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Ford Focus Active X Estate Review

What is it?

You may look at this car as Ford just filling every possible niche they can, but the tough estate has been around for a long time. Volvo have been making Cross Country version of the V70 since 1997, Audi too with Allroad version of the A6 estate since 1999 and even VW, Vauxhall and Skoda have joined the trend since then.

But is there any point one of these over the enormous choice of crossovers now on sale? Well yes, if we compare the Active Estate with its big brother the Ford Kuga, the Focus has it beat on price, boot space and economy. Also I think the Focus is better looking than the Kuga and seeing as this is an all new model, the interior has a modern and stylish feel compared to the Kuga’s current last year interior which is now a little tired.

With Ford’s dedicated SUVs arguably in need of some well-thought-out replacements, the arrival of the Focus Active couldn’t be timelier. Sure, it won’t appeal to crossover buyers who prioritise a lofty driving position but, as a jacked-up, tougher version of the most convincing car in the Ford stable, it represents good value compared to a normal crossover of this size.

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So how does it drive?

As this is a rugged vehicle the ride height is taller than the standard Focus at there is slightly more body roll thanks to the taller, unique suspension tune. However the fundamental feeling of the Focus’ chassis setup is still there to be exploited and the additional length of spring and larger tyres mean the Active boasts a slightly suppler ride than the rest of the Focus range. Not only is this a car to easily take cross-country but it’s also a superbly comfortable one for long-distance motorway journeys. The steering is direct and effortless and the automatic gearbox is smooth.

Even though the vehicle is 30mm taller than the usual Focus, the driving position doesn’t feel any taller or commanding. Therefore if this is the reason the customer is looking for a crossover this vehicle will not cut it.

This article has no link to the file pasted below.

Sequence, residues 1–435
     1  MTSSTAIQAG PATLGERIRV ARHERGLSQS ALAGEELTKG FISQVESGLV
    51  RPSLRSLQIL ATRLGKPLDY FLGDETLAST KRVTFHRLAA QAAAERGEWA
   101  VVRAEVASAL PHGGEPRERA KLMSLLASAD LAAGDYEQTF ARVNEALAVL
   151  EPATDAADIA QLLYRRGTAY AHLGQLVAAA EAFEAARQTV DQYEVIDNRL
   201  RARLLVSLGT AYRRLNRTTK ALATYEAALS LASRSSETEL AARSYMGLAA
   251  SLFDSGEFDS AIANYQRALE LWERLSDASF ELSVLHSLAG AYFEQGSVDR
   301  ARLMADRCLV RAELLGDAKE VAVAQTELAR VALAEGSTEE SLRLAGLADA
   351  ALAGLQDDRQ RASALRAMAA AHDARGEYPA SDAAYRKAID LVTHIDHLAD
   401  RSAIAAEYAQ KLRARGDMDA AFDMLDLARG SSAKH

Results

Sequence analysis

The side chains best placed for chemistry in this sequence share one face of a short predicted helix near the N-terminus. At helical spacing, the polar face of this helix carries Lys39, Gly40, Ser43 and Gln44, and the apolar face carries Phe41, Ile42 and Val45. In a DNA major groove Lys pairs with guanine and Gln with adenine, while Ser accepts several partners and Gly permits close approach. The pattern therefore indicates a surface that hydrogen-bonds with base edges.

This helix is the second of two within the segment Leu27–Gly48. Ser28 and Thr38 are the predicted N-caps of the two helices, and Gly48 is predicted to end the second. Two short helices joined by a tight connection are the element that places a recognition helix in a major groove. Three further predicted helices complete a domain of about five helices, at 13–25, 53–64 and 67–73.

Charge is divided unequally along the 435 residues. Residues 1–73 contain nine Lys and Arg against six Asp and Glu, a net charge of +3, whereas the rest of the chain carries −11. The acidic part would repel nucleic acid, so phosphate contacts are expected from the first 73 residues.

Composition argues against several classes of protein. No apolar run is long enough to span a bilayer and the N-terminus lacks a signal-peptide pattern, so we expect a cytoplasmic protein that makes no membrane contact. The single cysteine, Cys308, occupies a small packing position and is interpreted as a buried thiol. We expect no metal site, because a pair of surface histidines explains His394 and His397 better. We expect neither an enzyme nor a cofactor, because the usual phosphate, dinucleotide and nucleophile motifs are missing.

Underlying its true position as a slightly taller hatchback rather than a true SUV is the drivetrain. All-wheel-drive isn’t available, the Focus Active is front-wheel drive only, but with a couple of off-road driving modes, tailoring the traction control for slippery and soft surfaces. Dirt trails shouldn’t be an issue, but it likely won’t venture as far off the beaten track as a compact SUV equipped with a proper all-wheel drive system might.

 

What’s it like on the inside?

The Active X has almost every optional extra fitted as standard, however there are still some options that can be added such as B&O speakers, wireless phone charger and 360 degree cameras. The rugged feel continues on the inside of the car as well with full leather seats not an option or standard, the only seat option is part leather, part fabric but this doesn’t cheapen the interior at all.

The estate tested here came with a full length panoramic sunroof filling the cabin with light and making the interior feel infinitely spacious, in my opinion this is a definitely the most important option box to tick when ordering a Focus Active.

The rest of the interior is the same as the standard Focus a mix of leather and soft plastics. Every switch and button falls easy to hand and is where you expect it to be. The 8” touch screen is bright, clear and easy to navigate and on the Active X comes with Apple CarPlay and Android Auto as standard.

The automatic Focus ditches the classic gear stick for a Jaguar Land Rover type dial, giving the car an upmarket feel and makes selecting a doddle with a flick of the wrist.

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What’s the final verdict?

The Ford Focus Estate stands out as the best-handling family estates, complemented by a decent ride, generous passenger space and a large boot possessed of some handy design features and the Active X rugged looks and taller ride height don’t change this. All they do is let this great car enter a new demographic by going after the crossover audience.

Although with the lack of true off-road capability with the lack of all-wheel drive this may hinder its appeal against rivals such as Audi Allroads or Volvo Cross Countries. This vehicle however is a lot cheap than either of these and is still highly appealing in its class. If you are looking for a taller off-road estate or considering a small crossover this vehicle is very much worth a look at.

 

Engine

1.0l Ecoboost

0 – 60 mph

10.3s

Top speed

123 mph

CO2

107 g/km

Transmission

Automatic

Fuel economy

44.1 – 49.6 mpg

Insurance Group

16E

Price (as tested)

£30,405

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